Suppose there is a large sphere of radius $R$. We want to pack it with smaller spheres. The volume of the smaller spheres change depending on where they are situated in the larger sphere. A smaller sphere has the largest volume when it is at the edge of the large sphere as the smaller sphere moves closer to the center of the larger sphere the radius of the smaller spheres shrinks by a quadratic law. When a small sphere is at the edge of the large sphere its radius is $r$. How many small spheres can exist in the larger sphere?

Edit: An example of the quadratic law is $$r(x)=\frac{r}{(R-r-x+1)^2},$$ where $x$ is the distance from center of a small sphere to the center of the large sphere.

I would attempt to solve it by first packing the largest possible small sphere along the border of the large sphere and then draw a sphere tangent to this first layer of small spheres and fill that with the next layer of smaller spheres and so on till the left out space can not handle the smallest possible smaller sphere which has radius $\frac{r}{R-r+1}$.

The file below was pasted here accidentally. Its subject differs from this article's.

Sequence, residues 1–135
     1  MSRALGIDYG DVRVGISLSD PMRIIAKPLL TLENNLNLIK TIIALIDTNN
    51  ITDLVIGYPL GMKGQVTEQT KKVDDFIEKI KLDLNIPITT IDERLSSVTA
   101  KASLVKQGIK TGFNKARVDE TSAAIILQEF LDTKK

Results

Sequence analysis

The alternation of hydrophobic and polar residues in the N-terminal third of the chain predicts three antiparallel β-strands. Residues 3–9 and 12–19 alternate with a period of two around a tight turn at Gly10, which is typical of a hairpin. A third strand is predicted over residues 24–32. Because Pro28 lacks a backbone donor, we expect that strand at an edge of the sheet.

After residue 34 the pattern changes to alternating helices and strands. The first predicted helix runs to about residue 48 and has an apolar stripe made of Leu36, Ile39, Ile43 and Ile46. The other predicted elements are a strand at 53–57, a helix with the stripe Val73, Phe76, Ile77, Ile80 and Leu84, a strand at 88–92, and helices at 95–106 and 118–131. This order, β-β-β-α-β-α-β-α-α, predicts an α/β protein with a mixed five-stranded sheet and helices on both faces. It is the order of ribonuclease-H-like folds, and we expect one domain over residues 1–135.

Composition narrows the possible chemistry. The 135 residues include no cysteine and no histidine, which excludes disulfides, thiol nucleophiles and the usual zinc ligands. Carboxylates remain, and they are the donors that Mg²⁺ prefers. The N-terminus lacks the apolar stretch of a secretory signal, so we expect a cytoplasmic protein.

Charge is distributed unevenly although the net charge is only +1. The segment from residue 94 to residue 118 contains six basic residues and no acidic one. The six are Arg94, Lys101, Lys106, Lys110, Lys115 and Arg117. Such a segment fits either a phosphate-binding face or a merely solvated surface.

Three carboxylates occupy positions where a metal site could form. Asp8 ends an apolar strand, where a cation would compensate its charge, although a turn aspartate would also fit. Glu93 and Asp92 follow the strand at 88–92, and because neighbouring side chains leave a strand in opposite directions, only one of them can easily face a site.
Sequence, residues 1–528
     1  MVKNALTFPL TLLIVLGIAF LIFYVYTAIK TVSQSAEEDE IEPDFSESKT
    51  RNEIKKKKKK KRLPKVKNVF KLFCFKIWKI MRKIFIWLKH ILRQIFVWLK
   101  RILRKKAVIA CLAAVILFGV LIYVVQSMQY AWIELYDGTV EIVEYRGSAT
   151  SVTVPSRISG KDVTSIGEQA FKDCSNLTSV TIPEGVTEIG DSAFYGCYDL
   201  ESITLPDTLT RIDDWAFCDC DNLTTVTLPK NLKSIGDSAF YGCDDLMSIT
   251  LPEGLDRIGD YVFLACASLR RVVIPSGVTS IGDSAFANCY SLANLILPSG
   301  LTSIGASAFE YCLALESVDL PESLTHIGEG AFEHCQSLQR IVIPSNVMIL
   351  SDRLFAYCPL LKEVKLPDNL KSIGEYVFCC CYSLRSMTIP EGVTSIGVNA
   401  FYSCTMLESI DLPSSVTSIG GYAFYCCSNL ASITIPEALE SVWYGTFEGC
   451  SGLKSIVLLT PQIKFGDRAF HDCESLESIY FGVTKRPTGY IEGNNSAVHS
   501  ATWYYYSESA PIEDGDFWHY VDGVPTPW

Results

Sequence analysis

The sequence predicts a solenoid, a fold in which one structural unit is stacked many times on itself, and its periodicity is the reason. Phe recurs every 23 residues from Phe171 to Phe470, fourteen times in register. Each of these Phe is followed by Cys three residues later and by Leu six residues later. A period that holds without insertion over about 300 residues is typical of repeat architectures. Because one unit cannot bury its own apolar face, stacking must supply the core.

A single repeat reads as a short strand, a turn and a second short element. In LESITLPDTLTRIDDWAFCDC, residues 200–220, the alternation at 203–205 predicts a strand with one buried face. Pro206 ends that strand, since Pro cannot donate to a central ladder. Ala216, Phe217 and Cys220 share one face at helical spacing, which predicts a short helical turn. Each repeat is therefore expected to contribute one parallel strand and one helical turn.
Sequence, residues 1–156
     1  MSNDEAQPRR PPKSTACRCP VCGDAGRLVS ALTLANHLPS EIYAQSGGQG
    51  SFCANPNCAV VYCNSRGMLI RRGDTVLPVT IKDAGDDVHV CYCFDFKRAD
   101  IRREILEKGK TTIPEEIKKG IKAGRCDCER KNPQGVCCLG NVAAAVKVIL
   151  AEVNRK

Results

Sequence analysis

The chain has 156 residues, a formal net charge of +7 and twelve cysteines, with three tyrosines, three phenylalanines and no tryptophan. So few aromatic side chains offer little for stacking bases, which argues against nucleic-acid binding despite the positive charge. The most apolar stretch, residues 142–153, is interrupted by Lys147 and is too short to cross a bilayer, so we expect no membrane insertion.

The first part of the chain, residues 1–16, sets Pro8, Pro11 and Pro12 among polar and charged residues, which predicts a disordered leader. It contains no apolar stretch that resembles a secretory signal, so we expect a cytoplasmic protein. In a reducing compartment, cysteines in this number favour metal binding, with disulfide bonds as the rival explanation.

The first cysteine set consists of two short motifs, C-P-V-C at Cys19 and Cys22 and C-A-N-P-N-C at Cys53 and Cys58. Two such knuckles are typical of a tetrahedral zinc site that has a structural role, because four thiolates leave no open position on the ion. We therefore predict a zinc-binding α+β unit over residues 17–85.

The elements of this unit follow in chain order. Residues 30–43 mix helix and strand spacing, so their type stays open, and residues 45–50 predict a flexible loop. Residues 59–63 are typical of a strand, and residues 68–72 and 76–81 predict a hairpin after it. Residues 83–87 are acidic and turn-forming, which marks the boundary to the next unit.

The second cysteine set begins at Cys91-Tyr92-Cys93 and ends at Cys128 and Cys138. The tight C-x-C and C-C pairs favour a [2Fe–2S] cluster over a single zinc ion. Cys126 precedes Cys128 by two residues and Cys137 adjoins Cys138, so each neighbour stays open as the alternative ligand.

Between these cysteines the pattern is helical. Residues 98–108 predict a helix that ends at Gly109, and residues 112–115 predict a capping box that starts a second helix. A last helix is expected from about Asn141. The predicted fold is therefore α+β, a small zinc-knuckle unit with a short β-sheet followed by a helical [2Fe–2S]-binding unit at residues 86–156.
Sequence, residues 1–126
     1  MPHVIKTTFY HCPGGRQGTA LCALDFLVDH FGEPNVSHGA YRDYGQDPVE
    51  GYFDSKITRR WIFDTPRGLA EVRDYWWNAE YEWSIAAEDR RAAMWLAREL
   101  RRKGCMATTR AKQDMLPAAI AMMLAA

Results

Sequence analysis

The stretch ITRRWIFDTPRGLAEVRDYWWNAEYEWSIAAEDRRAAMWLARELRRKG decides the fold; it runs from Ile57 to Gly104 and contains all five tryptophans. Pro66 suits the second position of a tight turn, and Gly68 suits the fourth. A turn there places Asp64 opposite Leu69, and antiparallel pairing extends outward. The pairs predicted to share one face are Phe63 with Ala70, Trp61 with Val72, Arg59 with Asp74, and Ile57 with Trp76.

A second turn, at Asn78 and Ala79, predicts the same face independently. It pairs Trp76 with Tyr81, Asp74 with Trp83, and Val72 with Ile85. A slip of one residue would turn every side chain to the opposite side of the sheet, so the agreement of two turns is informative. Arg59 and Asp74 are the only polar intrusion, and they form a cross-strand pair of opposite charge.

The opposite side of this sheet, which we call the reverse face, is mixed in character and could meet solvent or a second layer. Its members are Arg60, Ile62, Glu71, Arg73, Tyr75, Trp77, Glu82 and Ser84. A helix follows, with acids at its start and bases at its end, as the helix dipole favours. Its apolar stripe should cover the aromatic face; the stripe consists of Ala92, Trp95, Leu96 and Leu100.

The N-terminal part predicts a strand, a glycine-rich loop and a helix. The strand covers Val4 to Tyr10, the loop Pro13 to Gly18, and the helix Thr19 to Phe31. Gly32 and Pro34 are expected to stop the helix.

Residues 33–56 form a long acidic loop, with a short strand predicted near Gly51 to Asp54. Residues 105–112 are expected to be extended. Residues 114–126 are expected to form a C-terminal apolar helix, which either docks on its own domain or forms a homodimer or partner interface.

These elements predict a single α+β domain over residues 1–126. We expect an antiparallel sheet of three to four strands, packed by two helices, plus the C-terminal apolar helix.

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    $\begingroup$ What are your thoughts on this? $\endgroup$ – abiessu Jan 23 '14 at 16:03
  • $\begingroup$ You might want to elaborate on this “quadratic law” aspect. How exactly do you define that? $\endgroup$ – MvG Jan 23 '14 at 16:14
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    $\begingroup$ When you say "When a small sphere is at the edge of the large sphere its radius is $r$" that mean that if the small sphere is tangent to the large sphere (hence its center is at radius $R-r$) its radius is $r$? Then is the radius of each small sphere $r=\frac {\rho^2}{R-r}$ where $\rho$ is the radius of its center? $\endgroup$ – Ross Millikan Jan 23 '14 at 16:20
  • $\begingroup$ @RossMillikan I included an edit to the question. Does that clarify your question? Thanks. $\endgroup$ – triomphe Jan 23 '14 at 16:35
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    $\begingroup$ Yes, that clarifies it. With your function, at $x=0$ the radius is still $\frac r{(R-r+1)^2}$ which is not so small. You can probably do better by putting the second layer of spheres in the hollows between the ones on the first layer. These problems are very hard because irregular packings often are optimal. I was hoping the small spheres would go to zero radius and I could prove that you could pack infinitely many. $\endgroup$ – Ross Millikan Jan 23 '14 at 22:50

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